It’s not often that a play makes you feel as though you’re one of the actors on stage while giving you just the right amount of time in-between acts to dine, drink, discuss and enjoy the general atmosphere.
I recently attended a dinner theatre at the Vineyard Hotel’s Splash Café with no expectation other than that I would be watching a play called In The Bar Of A Tokyo Hotel written by Tennessee Williams.
I would suggest going a little early if you’re planning on attending as the Vineyard Hotel is a beautiful location and has a lot to take in and do, whether it’s walking in the lush garden or enjoying a coffee in one of the many cosy spots you’ll stumble upon during your visit.
Once you’ve had your fill of coffee and luxurious surroundings, a path to the left of the grand fountain on the lawn will lead you to a small gate right outside Splash Café where dining and drama awaits you.
If you’re still a little early, the patio by the pool and the lovely garden, warm thanks to a gas heater, is the perfect spot to relax while your table is being prepared.
As the night set in and the café lights lit up the bar and dining area, adorned with Japan-inspired decorations, excitement began brewing and guests were led to their tables.
Once seated, guests are served a welcome cocktail, and one of the most interesting drinks I have had the pleasure of enjoying: a Gin Fizz, which was also the playwright’s favourite cocktail. It is a unique mixture of rose water, egg alternative powder, gin, and soda water, and is a truly a refreshing cocktail.
From here, the starter is served and before you know it the first cast member takes the stage and you along with them on a journey to Tokyo.
The play that unfolded before my eyes was one of passion, sadness, creative struggle, lust, and deceit.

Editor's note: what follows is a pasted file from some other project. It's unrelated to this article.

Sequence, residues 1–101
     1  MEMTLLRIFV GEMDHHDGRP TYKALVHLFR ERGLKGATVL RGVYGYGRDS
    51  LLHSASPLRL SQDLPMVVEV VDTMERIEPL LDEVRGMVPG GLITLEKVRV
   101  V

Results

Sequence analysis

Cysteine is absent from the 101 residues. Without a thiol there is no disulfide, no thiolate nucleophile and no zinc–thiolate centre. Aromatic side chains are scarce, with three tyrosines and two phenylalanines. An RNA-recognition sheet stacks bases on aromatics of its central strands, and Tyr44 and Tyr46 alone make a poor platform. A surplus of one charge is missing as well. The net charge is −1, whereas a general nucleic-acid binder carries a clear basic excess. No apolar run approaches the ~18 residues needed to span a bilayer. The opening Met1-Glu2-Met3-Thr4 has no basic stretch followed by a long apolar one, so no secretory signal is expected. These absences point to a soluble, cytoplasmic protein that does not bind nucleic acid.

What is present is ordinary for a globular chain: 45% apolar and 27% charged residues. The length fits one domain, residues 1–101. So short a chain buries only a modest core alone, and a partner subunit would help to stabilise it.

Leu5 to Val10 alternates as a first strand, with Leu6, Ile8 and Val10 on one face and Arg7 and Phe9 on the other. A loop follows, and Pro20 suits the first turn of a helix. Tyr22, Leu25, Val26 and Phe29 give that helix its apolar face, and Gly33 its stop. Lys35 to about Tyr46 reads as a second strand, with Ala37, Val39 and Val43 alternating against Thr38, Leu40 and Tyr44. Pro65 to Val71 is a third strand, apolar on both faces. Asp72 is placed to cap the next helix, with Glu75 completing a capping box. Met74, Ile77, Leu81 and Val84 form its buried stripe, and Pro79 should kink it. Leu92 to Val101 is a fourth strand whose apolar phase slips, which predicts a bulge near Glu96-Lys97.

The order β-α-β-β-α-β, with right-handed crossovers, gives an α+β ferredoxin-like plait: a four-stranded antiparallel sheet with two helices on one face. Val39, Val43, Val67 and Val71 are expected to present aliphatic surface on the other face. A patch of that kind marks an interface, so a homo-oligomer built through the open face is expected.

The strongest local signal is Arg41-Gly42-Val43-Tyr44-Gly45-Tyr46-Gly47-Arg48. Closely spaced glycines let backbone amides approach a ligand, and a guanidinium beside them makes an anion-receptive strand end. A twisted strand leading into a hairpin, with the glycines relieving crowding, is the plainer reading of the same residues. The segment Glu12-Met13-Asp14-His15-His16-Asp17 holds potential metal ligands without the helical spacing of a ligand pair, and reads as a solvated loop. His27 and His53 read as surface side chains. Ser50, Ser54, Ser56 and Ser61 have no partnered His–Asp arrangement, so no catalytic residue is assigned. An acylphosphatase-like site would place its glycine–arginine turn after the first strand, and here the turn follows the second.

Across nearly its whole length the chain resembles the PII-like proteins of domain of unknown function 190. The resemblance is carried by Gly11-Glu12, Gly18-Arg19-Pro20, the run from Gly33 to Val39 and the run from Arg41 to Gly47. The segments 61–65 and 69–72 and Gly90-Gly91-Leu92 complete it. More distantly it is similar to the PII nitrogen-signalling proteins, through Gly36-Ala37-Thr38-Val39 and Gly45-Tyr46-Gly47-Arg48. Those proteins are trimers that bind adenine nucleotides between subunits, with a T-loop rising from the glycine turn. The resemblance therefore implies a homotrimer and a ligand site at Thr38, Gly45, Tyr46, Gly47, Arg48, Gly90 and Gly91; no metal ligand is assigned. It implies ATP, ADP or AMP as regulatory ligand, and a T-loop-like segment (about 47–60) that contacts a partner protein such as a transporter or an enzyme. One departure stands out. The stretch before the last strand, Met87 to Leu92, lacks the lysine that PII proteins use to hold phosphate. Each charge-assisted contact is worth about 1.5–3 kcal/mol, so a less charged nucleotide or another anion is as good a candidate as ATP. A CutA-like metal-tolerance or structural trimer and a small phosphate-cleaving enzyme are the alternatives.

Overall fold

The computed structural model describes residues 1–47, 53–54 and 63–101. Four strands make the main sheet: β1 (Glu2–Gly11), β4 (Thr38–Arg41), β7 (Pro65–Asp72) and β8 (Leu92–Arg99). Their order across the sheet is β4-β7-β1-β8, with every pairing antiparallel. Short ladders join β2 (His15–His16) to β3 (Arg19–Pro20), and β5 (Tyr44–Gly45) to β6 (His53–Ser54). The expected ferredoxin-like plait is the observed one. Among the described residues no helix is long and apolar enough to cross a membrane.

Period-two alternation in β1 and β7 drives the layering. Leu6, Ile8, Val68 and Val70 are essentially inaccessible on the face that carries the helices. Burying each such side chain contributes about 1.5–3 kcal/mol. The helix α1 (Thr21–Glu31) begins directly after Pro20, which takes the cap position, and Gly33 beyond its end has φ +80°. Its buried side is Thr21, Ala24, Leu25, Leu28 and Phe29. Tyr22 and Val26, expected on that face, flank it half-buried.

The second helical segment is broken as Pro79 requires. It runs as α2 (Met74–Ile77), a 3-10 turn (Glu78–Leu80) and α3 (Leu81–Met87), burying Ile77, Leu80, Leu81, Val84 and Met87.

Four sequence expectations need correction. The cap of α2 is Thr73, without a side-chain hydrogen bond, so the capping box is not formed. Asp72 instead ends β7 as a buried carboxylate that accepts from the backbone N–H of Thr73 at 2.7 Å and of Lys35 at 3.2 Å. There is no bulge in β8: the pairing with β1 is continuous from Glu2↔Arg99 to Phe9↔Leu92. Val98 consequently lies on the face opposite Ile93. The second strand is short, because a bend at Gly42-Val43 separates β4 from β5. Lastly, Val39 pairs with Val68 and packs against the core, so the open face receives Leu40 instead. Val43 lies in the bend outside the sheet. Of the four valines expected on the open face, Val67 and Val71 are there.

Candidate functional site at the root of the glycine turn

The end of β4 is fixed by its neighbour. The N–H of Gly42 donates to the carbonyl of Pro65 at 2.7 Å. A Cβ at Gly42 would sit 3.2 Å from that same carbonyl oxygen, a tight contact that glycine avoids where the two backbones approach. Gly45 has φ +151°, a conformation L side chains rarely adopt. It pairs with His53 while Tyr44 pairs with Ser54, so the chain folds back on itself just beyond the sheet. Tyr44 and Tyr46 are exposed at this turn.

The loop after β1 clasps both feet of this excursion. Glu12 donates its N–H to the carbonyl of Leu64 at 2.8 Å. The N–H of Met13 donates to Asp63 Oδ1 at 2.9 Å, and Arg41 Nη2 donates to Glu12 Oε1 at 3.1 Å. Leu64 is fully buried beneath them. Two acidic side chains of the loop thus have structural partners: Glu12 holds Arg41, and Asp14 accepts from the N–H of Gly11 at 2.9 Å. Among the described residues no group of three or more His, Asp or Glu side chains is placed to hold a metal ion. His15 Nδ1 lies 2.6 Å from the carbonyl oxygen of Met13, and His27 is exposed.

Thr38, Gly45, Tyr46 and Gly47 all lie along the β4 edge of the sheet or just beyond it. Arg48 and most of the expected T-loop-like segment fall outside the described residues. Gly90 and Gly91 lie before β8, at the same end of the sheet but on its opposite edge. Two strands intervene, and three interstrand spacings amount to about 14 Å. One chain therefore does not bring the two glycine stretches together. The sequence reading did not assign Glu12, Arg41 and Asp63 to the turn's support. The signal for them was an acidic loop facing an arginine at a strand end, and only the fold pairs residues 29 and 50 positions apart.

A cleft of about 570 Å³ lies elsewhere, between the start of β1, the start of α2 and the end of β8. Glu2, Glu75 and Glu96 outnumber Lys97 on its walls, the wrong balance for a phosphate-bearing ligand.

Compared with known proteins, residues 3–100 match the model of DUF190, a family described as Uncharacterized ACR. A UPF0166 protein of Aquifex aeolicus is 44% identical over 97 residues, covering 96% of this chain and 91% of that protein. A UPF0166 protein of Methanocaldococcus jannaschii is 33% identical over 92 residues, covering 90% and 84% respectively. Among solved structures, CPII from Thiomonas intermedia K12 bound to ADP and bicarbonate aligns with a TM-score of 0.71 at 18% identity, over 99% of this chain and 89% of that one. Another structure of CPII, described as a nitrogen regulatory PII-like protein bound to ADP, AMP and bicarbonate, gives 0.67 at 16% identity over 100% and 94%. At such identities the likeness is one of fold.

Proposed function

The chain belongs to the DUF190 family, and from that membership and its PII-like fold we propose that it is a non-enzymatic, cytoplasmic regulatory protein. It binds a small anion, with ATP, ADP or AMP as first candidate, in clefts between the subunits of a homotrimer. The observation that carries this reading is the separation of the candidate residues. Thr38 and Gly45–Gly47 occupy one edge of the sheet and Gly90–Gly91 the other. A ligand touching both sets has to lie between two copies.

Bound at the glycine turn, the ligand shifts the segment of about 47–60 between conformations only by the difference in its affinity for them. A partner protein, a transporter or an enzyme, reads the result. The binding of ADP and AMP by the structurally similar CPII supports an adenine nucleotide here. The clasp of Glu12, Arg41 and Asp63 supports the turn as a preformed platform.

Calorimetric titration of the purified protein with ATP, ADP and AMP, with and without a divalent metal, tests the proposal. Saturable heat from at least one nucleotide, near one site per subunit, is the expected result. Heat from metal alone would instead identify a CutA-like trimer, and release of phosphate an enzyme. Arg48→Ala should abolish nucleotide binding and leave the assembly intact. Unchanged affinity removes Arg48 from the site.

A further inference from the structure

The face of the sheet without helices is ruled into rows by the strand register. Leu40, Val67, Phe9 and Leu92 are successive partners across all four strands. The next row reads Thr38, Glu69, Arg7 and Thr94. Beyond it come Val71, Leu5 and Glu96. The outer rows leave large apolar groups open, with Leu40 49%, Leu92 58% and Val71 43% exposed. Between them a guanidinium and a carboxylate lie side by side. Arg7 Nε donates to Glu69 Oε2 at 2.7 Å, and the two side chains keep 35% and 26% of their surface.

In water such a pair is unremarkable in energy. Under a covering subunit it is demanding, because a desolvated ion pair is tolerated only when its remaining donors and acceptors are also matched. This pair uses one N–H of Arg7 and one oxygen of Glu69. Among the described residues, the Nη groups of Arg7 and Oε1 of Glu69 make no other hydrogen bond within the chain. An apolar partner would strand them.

It left every table in the house shocked and everyone in the audience ready to discuss each act, of which there are three.
The performance is very intimate and the cast members pass right by the table while saying their lines, I’ve never felt more involved in a play in my life.
The story of In The Bar Of A Tokyo Hotel focuses on the wife of an artist named Mark, a displaced Western painter who represents all creatives who struggle for their art.
As the plot unfolds you learn more about both Mark’s and his wife Miriam’s struggles as they near what seems to be the end of their long marriage while on a trip to Tokyo.
Four cast members grace the stage throughout the play and although they are few they are the perfect number of such an intimate setting. The play was truly enjoyable and unique, realistically portraying the hardships of both artists and, at times, those who love them.
We can’t forget the food and the delightful wines that were served to pair with each plate.
A three-course meal is served by Myoga Restaurant staring with pan-roasted, sustainably-sourced fish with fish dumplings, Asian greens, lemongrass and ginger broth served with Chenin blanc, then blackened miso chicken, steamed rice, shredded vegetables, edamame and blood orange teriyaki served with Shiraz. Lastly, for dessert is an indulgent forest berry black tea panacotta with black sesame frozen yoghurt, yuzu compressed winter melon and sour meringue was served with a delightful light Guava Sake with yuzu sours.
The menu perfectly suited the occasion with its asian fusion theme, but if you have dietary requirements the organisers are happy to arrange a special menu for vegetarians and vegans.
It was a truly memorable evening filled with unique touches and unusual delights so if you haven’t yet I’d highly recommend watching In The Bar Of A Tokyo Hotel showing on July 19, 20, 26 and 27 as well as on August 2, 3, 9, 10, 16 and 17.
Bookings can be made at [email protected] or via 021 657 4500
Alternatively you can grab your tickets for R650 per person here.
Pictures: Aimee Pace